Avnet: Tackling a flat market

Avnet: Tackling a flat market

Despite the deterioration of global economies and fears of recession, Avnet’s general manager, Gavin Lawless, is optimistic about the IT channel's chances in 2009. In the first of ARN’s new Distributor Directions series with leading distribution chiefs, he talked to ARN about the effects of the economic downturn, market conditions and strategies for the New Year.

What is your outlook for 2009?

It’s been interesting. I wouldn’t say IT is sheltered from the rest of the economy, but we don’t see the kinds of figures being talked about in the general economy reflected in IT business. If you look at areas like banking and finance, which leads on to housing, motor vehicles and so on, there absolutely was a bubble. But unlike IT in 1999-2001, we haven’t been in a bubble. Organisations spend on technology because they have to, and because there’s a need. Even though organisations are making less money than they made last year and the year before, they still have a need. So we don’t see doom and gloom, or the market going backwards – it’s not going to grow like it was, but it’s not a declining market. It’s probably going to be flat.

Have you adjusted your go-to-market strategy in light of the economic downturn?

Not particularly. We are still going ahead as we were six months ago and we still see growth. Plans we have had in place for a few years are still going forward. The only area where it has had some impact is in acquisitions. We have made it public that our plans in this country are about organic growth and M&A growth. This current environment does mean that M&A isn’t as high on the agenda as it was six months ago. Outside of that, our go-to-market and investments aren’t changing, nor is our business model. We are running a healthy business, our revenue and profits are healthy and we don’t need to change.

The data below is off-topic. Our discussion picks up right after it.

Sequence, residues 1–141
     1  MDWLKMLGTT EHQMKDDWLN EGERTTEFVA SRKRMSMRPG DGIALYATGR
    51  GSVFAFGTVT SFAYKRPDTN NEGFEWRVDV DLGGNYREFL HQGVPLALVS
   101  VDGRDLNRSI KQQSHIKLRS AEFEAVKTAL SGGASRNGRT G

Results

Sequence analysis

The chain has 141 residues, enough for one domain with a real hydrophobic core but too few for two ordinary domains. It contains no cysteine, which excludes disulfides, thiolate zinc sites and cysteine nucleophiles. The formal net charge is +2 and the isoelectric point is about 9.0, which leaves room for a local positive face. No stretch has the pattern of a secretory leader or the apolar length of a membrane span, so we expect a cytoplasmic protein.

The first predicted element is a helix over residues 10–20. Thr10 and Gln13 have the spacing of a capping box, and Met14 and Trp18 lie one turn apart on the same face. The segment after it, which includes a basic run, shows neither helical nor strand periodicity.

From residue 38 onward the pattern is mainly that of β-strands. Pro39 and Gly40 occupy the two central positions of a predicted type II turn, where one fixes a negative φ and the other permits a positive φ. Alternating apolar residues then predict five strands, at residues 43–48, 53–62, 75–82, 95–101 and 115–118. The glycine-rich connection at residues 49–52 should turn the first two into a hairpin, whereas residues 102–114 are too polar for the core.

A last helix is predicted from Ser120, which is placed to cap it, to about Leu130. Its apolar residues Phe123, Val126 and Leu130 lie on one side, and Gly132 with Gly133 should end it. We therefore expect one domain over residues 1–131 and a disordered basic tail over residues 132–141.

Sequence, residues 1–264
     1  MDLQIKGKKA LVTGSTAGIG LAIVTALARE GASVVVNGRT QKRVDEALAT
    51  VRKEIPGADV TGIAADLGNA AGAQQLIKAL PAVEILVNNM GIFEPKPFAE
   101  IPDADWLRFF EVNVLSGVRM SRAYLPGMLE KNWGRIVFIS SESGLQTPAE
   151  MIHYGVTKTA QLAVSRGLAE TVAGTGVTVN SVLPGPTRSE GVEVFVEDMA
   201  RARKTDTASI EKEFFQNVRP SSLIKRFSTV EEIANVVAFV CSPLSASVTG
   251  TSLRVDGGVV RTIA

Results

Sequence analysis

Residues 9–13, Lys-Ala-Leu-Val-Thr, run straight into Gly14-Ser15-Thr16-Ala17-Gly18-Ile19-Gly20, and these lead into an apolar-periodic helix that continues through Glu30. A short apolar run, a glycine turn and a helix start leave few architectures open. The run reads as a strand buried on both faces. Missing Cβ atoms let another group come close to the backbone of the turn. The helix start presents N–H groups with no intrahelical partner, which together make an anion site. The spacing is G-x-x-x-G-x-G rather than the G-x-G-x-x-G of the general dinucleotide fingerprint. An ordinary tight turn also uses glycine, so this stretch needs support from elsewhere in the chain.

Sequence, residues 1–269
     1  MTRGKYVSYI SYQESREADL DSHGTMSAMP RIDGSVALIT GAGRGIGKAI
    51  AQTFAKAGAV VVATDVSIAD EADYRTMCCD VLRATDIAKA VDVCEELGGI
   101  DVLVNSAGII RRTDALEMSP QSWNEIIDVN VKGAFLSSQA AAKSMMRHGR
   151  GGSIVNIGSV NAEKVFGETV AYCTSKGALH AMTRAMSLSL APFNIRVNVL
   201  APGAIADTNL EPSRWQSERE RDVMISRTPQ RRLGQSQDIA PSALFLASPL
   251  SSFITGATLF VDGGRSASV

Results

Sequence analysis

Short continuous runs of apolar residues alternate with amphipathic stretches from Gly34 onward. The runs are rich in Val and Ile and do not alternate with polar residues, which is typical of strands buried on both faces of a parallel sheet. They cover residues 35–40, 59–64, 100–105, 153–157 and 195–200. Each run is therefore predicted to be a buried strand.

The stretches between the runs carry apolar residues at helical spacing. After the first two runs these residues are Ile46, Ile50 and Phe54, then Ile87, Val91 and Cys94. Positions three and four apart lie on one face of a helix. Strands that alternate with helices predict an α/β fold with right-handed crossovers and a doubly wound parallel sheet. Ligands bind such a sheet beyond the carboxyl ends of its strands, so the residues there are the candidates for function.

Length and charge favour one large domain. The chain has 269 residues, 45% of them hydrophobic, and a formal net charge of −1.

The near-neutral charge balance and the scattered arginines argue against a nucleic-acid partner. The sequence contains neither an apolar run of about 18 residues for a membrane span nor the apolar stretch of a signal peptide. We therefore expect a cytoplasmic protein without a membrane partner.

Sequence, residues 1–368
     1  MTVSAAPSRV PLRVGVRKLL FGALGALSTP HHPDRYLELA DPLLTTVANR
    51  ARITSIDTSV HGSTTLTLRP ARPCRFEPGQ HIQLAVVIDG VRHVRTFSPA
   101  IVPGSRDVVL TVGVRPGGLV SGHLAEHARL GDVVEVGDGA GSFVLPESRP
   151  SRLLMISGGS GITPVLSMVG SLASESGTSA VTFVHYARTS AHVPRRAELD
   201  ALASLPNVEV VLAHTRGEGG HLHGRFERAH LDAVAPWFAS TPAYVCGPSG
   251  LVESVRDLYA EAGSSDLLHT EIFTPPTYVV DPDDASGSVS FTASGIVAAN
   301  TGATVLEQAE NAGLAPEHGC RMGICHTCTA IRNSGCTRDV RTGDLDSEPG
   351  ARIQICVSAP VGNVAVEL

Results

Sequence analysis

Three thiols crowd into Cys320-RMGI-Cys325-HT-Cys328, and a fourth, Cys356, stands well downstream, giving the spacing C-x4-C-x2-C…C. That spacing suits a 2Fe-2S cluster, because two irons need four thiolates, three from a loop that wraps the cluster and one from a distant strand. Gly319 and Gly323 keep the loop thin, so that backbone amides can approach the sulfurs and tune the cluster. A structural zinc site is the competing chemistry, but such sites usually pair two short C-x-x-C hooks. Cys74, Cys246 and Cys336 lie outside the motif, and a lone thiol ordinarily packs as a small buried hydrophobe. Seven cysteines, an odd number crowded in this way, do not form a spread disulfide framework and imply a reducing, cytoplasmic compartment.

It’s been just over 12 months since Avnet acquired ChannelWorx. What affect has this had on your business?

We took an approach to run ChannelWorx separately until July 1, and so we have had seven months of integration. All in all, it’s gone pretty well. Anyone who goes through integration will tell you it’s not easy. I don’t think anyone from our organisation has spoken about integration for the last couple of months, which means we have finished the process including personnel moving into new roles, system changes and a host of things in the background. It has left us with a great business, a lot of new partners and great opportunity – we now have a real presence in the networking and security space.

Avnet brought on Zylotech a few months back, as well as expanded its relationship with IBM’s Internet Security Systems. Is there more to be done across your security portfolio?

We will not stop investing and looking for new partners and technologies. We don’t ever want to become broad-based, but the desire and need to look for new things doesn’t go away. There will come a time when we say to ourselves that our networking and security portfolio is complete and all the bases are covered.

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